Volkswagen AG said it has approval to repair most of its rigged European diesel engines and made a deal with U.S. regulators to resubmit questionable software for review in 85,000 other vehicles, signs of progress in its effort to overcome the two-month-old emissions crisis.
German automotive regulator KBA has approved a software update for 2.0-liter diesel motors and has agreed in principle to a plan for 1.6-liter engines, Chief Executive Officer Matthias Mueller told about 1,000 company executives Monday in Wolfsburg, Germany. The costs and complexity of the fixes, which apply to more than 90 percent of the affected vehicles in Europe, are “manageable,” he said in excerpts of the speech obtained by Bloomberg.
The U.S. Environmental Protection Agency and California Air Resources Board agreed to let Volkswagen seek approval for a revised version of software in 85,000 diesel engines that had been targeted in the latest probe by U.S. regulators, the company said. Assuming it’s approved, the fix should cost in the mid-double-digit millions of euros, Volkswagen said.
Both deals show movement toward solutions in the scandal Volkswagen is facing on three fronts: cheating software installed in about 11 million vehicles worldwide with 1.2-, 1.6- and 2.0-liter diesel engines; irregular carbon-dioxide ratings on about 800,000 vehicles; and questionable software in the larger diesel engines in the U.S.
While the European fix won’t apply in the U.S., it does show a path forward for most of the cars that had cheating software worldwide. Europe is chiefly affected, with a recall planned for as many as 8.5 million vehicles.
The 1.2-liter diesel probably only needs a software update, with the plan to be presented to the KBA by the end of the month, Mueller said. The repair for the 1.6-liter engine is less complex than initially suspected. In addition to upgraded software, the cars will need “relatively simple changes” to the air-filter system, according to the CEO. He didn’t elaborate on the cost of expected regulatory fines and lawsuits in the U.S. and Europe.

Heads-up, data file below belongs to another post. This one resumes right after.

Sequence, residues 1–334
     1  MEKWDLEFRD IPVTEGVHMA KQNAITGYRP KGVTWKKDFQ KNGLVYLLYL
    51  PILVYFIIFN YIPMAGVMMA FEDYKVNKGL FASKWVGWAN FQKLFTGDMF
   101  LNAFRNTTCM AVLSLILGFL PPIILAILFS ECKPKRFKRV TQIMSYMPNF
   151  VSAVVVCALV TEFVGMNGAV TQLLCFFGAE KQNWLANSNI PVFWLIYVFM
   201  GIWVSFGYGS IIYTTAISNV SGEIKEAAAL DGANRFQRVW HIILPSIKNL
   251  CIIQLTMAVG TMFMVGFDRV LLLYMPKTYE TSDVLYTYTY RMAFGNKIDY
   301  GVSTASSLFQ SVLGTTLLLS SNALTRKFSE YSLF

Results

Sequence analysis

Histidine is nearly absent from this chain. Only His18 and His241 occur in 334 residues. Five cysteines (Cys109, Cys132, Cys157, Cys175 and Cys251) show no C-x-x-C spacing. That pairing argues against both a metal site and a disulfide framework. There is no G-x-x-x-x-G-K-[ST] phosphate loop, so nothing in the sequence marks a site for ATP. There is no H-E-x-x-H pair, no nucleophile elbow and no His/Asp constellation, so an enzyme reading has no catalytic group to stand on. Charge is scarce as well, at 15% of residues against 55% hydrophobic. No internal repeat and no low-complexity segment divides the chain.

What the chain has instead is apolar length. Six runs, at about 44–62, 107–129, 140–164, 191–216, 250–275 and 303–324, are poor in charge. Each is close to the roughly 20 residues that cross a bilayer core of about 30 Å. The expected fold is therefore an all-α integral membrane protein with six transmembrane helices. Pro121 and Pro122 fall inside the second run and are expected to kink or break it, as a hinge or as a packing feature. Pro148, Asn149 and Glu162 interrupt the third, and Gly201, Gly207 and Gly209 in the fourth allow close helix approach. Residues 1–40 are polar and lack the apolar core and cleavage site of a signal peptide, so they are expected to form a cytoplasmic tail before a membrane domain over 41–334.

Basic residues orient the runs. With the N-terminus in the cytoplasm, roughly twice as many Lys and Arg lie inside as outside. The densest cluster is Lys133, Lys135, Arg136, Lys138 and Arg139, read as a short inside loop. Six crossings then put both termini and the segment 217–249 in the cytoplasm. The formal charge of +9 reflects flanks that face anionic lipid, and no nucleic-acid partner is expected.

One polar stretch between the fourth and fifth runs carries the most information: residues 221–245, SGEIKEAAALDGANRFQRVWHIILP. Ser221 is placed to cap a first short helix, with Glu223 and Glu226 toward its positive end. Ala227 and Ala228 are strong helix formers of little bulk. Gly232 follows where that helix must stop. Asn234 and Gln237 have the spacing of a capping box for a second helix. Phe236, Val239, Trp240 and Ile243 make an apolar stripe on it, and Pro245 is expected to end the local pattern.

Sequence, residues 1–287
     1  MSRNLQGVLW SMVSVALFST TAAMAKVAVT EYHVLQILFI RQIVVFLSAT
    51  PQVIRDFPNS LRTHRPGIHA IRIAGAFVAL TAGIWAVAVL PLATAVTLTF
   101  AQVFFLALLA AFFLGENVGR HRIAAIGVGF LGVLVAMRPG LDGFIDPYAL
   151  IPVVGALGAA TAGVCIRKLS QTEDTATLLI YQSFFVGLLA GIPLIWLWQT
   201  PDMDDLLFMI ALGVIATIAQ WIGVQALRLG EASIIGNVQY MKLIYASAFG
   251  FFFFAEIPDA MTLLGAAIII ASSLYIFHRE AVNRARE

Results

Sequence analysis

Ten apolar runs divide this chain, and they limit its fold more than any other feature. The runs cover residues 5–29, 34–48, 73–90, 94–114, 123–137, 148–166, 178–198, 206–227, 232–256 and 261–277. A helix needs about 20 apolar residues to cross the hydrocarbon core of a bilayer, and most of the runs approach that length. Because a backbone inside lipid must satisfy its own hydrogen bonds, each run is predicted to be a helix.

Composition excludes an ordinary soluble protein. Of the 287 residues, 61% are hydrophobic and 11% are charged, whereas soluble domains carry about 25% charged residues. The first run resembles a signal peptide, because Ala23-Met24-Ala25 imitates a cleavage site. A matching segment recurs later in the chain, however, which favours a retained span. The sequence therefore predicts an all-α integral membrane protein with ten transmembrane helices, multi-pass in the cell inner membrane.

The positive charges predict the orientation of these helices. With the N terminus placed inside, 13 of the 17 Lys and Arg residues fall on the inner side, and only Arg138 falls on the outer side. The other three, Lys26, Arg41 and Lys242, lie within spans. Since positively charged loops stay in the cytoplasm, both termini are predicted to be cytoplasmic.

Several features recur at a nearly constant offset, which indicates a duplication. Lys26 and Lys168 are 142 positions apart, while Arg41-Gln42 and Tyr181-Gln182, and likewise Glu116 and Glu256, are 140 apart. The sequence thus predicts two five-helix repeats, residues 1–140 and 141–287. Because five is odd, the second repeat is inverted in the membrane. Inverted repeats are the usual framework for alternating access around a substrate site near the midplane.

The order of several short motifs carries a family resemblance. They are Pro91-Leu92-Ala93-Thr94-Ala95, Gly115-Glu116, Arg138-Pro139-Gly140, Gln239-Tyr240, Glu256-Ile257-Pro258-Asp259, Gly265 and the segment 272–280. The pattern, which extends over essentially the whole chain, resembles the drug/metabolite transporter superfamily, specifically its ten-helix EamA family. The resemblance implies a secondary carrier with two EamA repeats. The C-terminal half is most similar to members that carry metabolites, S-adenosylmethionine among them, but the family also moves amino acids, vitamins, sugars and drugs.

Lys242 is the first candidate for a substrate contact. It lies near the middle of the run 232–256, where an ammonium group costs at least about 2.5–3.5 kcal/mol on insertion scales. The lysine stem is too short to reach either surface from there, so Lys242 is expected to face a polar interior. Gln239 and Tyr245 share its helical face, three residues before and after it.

“Our assumption that substantive changes to the motor would be necessary have not come true,” Mueller said in the speech. He didn’t comment on what affect the fixes may have on the vehicles’ acceleration and fuel economy.
Starting the European recall would be a step forward in resolving the crisis that’s engulfed Volkswagen since becoming public on Sept. 18. The company has provided few answers even as new revelations come to light.
And the U.S. negotiations on larger cars could close a new front that opened up in the probe just last week.
On Friday, the U.S. Environmental Protection Agency and the California Air Resources Board said they were investigating Volkswagen, Audi and Porsche models with 3.0-liter diesel engines as far back as the 2009 model year, after initially focusing on newer versions. VW had rejected the initial claims, straining its relations with the regulators.
Three pieces of software installed to help control the cars’ emissions systems weren’t properly declared in an application for approval, and one of them “is regarded as a defeat device according to applicable U.S. law,” Audi said. A defeat device alters emissions-control systems in a way that violated clean-air laws.
Mueller, appointed in the wake of the scandal, said he plans to present an interim report on the status of the investigation in mid-December as the final results will still take several months. Ultimately, he plans to present a new strategy by mid-2016. The goal is to shake up the company’s autocratic structure and re-focus on three topics: digitalization, sustainability and integrity.
“We need a bit more Silicon Valley,” said Mueller.